Noyelles-sur-Mer is one of the graveyards where the largest number of coolies are buried. There are 842 gravestones carved with Chinese names, along with the numbers the coolies were given by the Labour Corp. Li Ling, holding her flowers, searches each stone for her grandfather. I help her, scanning those strange yet familiar Chinese names. After looking at about 300 gravestones, we find the right one. The stone is covered in moss, yet the man’s name and number are clearly visible:
Li Changchun, British Chinese Labour Corps 4621. Died 12th January 1919.
I am surprised. So he died here not during the war but after the war! “How?” I ask Li Ling. She doesn’t know. Did he die from a random explosion during mine clearances? Or from starvation? Or was he killed for desertion? There is no clue. Only some blackbirds flapping their wings in the distance. Then, beside Li Changchun’s Corps number, I see this phrase:Faithful unto death.
I look away. I can’t bear the hypocrisy let alone the indifference with which this phrase has been foisted on this man. My eyes wander along the rows of Chinese names. The inescapable wind buffets the graves, otherwise there is silence. I look back. Li Ling is carefully placing her bunch of yellow chrysanthemums on her grandfather’s tomb.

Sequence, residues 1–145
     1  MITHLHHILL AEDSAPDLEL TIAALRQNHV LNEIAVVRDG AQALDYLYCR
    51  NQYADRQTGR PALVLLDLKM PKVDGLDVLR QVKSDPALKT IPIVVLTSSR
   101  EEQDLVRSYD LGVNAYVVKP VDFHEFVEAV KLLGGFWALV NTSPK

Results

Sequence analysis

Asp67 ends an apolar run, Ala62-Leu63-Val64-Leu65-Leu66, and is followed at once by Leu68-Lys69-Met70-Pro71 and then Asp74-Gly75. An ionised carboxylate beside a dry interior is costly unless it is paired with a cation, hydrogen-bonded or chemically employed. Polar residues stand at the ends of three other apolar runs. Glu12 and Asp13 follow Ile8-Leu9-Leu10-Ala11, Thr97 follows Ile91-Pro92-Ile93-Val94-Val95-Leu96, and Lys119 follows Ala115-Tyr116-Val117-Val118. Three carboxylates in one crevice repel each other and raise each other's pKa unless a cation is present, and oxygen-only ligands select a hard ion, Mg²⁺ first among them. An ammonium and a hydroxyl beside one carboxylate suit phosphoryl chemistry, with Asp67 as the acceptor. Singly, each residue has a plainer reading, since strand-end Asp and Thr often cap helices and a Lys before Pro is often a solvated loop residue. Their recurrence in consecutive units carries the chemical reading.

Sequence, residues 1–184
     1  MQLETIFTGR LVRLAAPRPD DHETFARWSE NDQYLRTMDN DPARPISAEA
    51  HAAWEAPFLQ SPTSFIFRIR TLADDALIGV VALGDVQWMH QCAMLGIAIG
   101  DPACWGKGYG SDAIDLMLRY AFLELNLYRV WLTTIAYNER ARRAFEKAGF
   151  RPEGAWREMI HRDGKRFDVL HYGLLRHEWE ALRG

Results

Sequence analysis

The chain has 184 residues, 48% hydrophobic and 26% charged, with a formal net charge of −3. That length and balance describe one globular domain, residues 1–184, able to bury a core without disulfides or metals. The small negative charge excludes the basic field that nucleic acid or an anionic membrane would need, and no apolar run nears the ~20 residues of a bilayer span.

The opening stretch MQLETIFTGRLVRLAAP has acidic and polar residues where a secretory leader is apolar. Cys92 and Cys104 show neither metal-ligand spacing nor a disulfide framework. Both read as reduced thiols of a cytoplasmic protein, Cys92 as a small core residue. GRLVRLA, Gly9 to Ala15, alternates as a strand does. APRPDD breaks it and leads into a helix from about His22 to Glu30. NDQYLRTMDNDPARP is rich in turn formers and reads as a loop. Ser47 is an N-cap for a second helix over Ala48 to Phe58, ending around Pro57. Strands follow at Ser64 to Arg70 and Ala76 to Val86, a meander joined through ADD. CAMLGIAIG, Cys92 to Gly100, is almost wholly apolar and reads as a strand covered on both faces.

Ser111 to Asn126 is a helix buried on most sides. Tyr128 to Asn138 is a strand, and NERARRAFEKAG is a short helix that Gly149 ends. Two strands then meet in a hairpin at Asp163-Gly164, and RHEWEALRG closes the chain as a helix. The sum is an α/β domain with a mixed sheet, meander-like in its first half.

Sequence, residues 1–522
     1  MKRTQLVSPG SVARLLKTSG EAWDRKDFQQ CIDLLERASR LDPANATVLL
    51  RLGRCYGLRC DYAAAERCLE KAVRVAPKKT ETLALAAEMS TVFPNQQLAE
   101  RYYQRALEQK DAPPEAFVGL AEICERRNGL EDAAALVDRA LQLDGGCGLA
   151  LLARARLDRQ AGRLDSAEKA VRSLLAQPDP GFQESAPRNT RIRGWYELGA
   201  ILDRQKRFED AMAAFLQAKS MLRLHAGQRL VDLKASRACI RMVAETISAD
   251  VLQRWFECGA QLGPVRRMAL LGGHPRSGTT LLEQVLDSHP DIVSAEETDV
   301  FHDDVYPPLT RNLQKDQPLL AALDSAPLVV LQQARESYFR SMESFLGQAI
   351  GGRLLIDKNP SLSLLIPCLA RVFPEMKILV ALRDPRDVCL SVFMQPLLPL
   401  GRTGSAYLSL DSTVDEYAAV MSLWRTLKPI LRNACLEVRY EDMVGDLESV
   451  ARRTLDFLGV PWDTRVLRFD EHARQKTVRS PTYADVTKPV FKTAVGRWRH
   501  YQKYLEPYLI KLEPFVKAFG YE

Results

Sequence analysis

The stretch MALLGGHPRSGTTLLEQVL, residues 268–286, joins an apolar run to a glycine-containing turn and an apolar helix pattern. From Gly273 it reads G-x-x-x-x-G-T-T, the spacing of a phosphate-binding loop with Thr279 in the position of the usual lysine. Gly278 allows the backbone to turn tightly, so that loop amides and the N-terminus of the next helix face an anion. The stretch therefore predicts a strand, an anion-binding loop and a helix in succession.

The conditions under which the Chinese labourers were employed on the Western Front were harsh, even by the standards of the time. Their contracts stipulated a seven-day working week of 10-hour days. Daily rates of pay ranged from 1 to 3 French Francs. Apart from a few demonstrations demanding better working conditions and food – a notable example being one at Etaples in 1917 – which were ruthlessly suppressed by British troops, there was generally little in the way violent protest or strikes.
From the start there was a mutual understanding that the celebration of certain essential Chinese customs, such as Chinese festivals and the ceremonial disposal of the dead, would be allowed. On the other hand, there was a strict policy of maintaining the segregation of the Labour Force from the military canteens and the civil population, particularly white women. Accordingly, other than when working, the labourers were rigorously contained within their camps.
An entertainment at the open-air theatre of the Chinese Labour Corps at Etaples, 23 June 1918. Note the fence segregating members of the audience (Imperial War Museum)
These men did not take part to actual combat. They supported the frontline troops, unloading ships, building dugouts, repairing roads and railways, digging trenches and filling sandbags. Some worked in armaments factories, others in shipyards. However, when the war ended some were used for mine clearance, or to recover the bodies of soldiers and fill in miles of trenches. According to the records around 2,000 of them died during the war, most from the 1918-1919 Spanish Flu pandemic. Those who died, classified as war casualties, were buried in several French and Belgian graveyards in the North of France. The largest number of graves is located at the Chinese Cemetery of Noyelles sur Mer close to the Somme estuary, where 849 men are buried.